Tuesday, March 31, 2020

A Panpsychist Surprise Ending

While I have been catching up on some reading relating to panpsychism lately (see recent posts here and here), I had turned back to thinking about another topic, the philosophy of quantum theory, when following up on some references led me to a surprise endorsement of panpsychism.

Specifically, I have long been interested in relational quantum mechanics (RQM), an interpretation first introduced by Carlo Rovelli in the 1990’s (good SEP article here).  I now suspect it is the interpretation that best fits with the theory of causation I am attracted to for independent reasons – but I will talk about that another time.  A philosopher whose views I find interesting and compatible with my own approach to thinking about quantum theory is Mauro Dorato.  He has a fine article discussing some of the philosophical issues raised by RQM (pre-print here; note there are some differences from the final article).1

Dorato, when discussing briefly the general stance that relations might be a fundamental metaphysical category, referenced a paper I had not read (though I imagine it is familiar to many who are interested in structuralism): “The Mathematical Structure of the World: The World as Graph,” published in 1997 (link) by Randall R. Dipert.2   Dipert, who passed away just last year (see here), was a scholar focused on a number of areas, including the thought of C.S. Peirce. The paper offers reasons to take (symmetric) relations forming (asymmetric) graphs as metaphysical bedrock (not expressed via logic or set theory, but as fundamental components in and of themselves).  In any case, while it is a wide-ranging and fascinating paper, I was surprised by the turn taken in the last paragraph:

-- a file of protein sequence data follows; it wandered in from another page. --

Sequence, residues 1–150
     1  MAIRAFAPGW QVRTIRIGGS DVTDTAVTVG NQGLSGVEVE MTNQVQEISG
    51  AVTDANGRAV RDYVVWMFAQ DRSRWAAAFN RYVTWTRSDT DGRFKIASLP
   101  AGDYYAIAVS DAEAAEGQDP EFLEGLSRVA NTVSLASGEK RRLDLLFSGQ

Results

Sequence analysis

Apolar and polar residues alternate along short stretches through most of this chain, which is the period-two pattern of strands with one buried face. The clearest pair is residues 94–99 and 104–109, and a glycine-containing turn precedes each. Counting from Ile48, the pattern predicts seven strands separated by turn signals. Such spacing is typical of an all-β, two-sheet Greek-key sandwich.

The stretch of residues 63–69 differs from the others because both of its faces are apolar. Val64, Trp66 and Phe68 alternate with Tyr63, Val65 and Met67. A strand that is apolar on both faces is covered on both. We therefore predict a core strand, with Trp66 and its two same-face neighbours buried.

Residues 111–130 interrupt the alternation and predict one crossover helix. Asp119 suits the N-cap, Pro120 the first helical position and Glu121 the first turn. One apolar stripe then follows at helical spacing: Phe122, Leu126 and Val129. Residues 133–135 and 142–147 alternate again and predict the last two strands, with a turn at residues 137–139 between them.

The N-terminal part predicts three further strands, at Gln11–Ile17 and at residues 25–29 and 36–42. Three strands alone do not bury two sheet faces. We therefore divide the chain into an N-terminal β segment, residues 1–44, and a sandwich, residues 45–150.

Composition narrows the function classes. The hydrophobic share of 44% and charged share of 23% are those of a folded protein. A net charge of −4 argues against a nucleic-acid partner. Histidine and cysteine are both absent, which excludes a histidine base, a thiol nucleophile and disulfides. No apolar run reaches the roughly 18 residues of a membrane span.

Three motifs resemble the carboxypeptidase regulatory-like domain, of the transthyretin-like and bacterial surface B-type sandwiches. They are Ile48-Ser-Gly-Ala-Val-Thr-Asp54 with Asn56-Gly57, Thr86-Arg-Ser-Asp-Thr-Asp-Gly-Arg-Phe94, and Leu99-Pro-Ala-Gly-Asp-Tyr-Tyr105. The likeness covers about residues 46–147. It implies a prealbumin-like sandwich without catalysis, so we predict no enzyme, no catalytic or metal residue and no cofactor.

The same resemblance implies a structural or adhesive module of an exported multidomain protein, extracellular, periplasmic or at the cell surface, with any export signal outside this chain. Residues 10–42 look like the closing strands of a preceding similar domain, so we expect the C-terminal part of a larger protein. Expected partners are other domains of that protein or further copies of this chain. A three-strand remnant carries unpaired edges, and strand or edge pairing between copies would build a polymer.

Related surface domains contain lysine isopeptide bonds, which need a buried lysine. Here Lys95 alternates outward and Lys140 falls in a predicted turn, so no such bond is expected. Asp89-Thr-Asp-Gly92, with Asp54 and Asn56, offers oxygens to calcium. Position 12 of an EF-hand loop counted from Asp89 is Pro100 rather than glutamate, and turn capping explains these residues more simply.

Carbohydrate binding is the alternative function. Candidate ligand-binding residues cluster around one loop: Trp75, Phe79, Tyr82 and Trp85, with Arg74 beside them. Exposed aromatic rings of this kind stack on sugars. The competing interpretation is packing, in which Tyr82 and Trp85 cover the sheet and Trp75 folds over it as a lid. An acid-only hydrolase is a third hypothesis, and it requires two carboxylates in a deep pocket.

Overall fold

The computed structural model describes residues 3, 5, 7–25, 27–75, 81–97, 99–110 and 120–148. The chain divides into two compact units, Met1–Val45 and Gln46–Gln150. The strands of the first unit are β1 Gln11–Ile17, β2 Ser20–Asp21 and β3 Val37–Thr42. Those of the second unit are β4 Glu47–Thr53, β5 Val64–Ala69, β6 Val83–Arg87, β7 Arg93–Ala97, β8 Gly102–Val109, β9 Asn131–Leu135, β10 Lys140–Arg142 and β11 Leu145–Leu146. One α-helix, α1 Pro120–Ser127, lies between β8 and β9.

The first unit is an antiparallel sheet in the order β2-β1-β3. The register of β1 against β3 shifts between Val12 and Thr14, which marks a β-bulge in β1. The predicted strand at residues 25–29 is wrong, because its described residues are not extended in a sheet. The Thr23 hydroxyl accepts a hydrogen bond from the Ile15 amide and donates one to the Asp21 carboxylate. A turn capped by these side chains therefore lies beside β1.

There might at first seem to be no place in these cold graphs for minds, consciousness, and other mental phenomena unless, that is, everything is mental. Although within the dialectic of this essay it is wild and possibly irresponsible speculation, we should perhaps consider seriously the possibility that something like the pan-psychism of Spinoza, Leibniz, or Peirce is true, and that vertices are pure feelings (Peircean "firstnesses"), constituting a distinct thought or object only when connected to other such entities (358).
I take it Peirce was a panpsychist of sorts (see here), and evidently Dipert was as well.

1. Dorato, Mauro. 2016. Rovelli’s Relational Quantum Mechanics, Anti-Monism, and Quantum Becoming. In The Metaphysics of Relations, ed. Anna Marmodoro and David Yates. Oxford: Oxford University Press.
 2. Dipert, Randall R. 1997. The Mathematical Structure of the World: The World as Graph. The Journal of Philosophy, (94) 7, pp. 329-358


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